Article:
The “pepernoot” is a small biscuit with a long history. It was originally linked to The Sinterklaas festival, which has been celebrated in the Netherlands since 1600. Peppernuts were still made from dough scraps from the relatively cheap gingerbread. Many people think that pepernoten and “kruidnootjes” are the same. This is not the case. The difference is in the structure and size of the cookie. The old Dutch peppernuts are large and are made from rye flour and anise.
The kruidnoot as we know it today originated in the seventeenth century. The kruidnoot is smaller, harder and has a deeper and sharper flavor than the peppernut. In addition, it has the shape of a half sphere. The kruidnoot is made from wheat flour and gingerbread spices. These are cinnamon, nutmeg, cloves, ginger powder, cardamom and white pepper.
Cookie, candy or nut?
The peppernut dates from the time when the Dutch East India Company (VOC) got all kinds of spices from the Dutch East Indies. For the sake of convenience, people often called all spices “pepper”, including cinnamon and nutmeg. Pepper was therefore a collective name for everything that came from the East.
The word “nut” from gingerbread also comes from that time. In addition to herbs, nuts were also often transported. And the shape of the peppernut is a bit like that of almonds or other nuts. But the similarity is also in the way you eat real nuts and peppernuts. It is simply impossible to take only one, you’ll always grab a few at a time.
The peppernuts we eat today are mainly kruidnootjes and not pepernoten. However, the kruidnootjes are popularly still called peppernut.
The oldest known recipe for peppernuts is from the 16th century and describes peppernuts as:
“A kind of biscuit, baked from flour mixed with honey, sugar or syrup, larded with pepper and other seasonings”.
ThIS new, affluent Utrecht kitchen maid from 1771, talks about peppernuts with candied peel and African tail pepper. The real pepper disappeared from the ingredient list for the confectionery in the 18th century.
Scatter, no matter
Traditionally, peppernuts were scattered around the room, especially for the children. The origin of the scattering refers to the symbolism of fertility; a farmer who scatters seeds on his fields. This scattering is similar to throwing rice at a wedding or confetti at a party. Nowadays it is more common to hand over the peppernuts and let’s be honest, at least that is a lot easier and more hygienic.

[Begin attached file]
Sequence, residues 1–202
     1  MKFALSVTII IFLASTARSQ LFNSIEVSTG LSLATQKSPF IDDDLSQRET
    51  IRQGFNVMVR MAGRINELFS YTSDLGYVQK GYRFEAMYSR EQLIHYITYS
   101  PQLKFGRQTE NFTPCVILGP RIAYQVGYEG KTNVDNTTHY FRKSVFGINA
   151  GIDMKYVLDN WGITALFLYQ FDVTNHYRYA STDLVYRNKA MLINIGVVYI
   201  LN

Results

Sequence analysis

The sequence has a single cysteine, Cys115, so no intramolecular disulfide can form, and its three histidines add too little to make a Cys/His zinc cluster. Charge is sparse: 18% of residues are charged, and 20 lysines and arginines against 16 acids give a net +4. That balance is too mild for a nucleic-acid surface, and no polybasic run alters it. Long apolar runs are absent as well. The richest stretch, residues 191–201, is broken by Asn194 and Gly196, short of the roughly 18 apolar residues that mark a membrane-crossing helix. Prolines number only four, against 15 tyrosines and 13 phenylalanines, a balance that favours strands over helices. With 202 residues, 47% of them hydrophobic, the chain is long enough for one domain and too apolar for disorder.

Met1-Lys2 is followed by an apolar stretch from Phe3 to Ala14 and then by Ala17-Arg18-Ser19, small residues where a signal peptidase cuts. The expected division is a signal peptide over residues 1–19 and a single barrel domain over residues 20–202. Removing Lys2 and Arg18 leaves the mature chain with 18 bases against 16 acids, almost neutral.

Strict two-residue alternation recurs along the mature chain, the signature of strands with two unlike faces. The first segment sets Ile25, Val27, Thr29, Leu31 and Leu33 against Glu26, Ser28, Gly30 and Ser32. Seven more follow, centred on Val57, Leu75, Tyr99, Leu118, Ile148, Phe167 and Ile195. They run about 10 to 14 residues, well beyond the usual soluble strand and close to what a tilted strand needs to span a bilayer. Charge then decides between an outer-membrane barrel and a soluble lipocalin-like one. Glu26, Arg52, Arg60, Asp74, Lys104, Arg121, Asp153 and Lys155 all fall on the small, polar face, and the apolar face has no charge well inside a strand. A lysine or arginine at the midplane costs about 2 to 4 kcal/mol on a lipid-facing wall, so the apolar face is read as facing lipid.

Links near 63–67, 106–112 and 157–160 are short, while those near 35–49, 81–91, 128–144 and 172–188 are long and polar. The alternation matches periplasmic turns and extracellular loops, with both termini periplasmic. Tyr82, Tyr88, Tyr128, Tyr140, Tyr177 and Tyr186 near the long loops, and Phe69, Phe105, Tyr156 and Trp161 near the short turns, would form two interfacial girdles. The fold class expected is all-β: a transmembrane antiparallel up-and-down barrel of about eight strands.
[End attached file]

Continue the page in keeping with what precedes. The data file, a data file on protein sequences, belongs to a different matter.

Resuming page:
In the past, peppernuts were mixed with coins, nowadays with candy. The scattering of coins comes from an old legend where Saint Nicholas met three young girls whose father could not afford the dowry. He forced his daughters into prostitution. Sint-Nicolaas then threw them a handful of coins, with which they could still pay their dowry.
In addition to the traditional Dutch cookies, there are now many over 30, tasty and sometimes strange variations devised to give our peppernuts an extra flavor. Visit the shops or the webshop of Peppernuts Amsterdam.
Taaipop. A what?
Taaitaai, and specifically a Taaipop, are typical Dutch cakes with origins in the Philippines, recognizable by its specific shape. Taaitaai is very similar in taste to gingerbread; however, it also has an anise flavor. This cookie is not brittle like gingerbread, but literally “chewy”.
Did you know that people in love used to make gingerbread dolls for their loved one around the beginning of December? If the other accepted the gingerbread man, you knew that the love was mutual. If you gave a girl a taaipop, the opposite was meant. This gesture was considered a form of mockery that was absolutely not appreciated by all!
Everything changes, even the Sinterklaas party. You used to have a complete Sinterklaas market on the Dam Square in Amsterdam. During much of the capital’s history, this event was the main part of the public celebration. The “Sinter Niclaesmarckt” lasted from the afternoon of December 5 until the late hours of December 6. They mainly sold delicacies, so probably our gingerbread cookies too ;). Plays were staged and boys and girls hosted and sang. Strict Calvinist regents regularly banned the “Roman” market after 1578, but with little result. The market did not really disappear until 1836, when the Dam was redeveloped again. Time for a revival?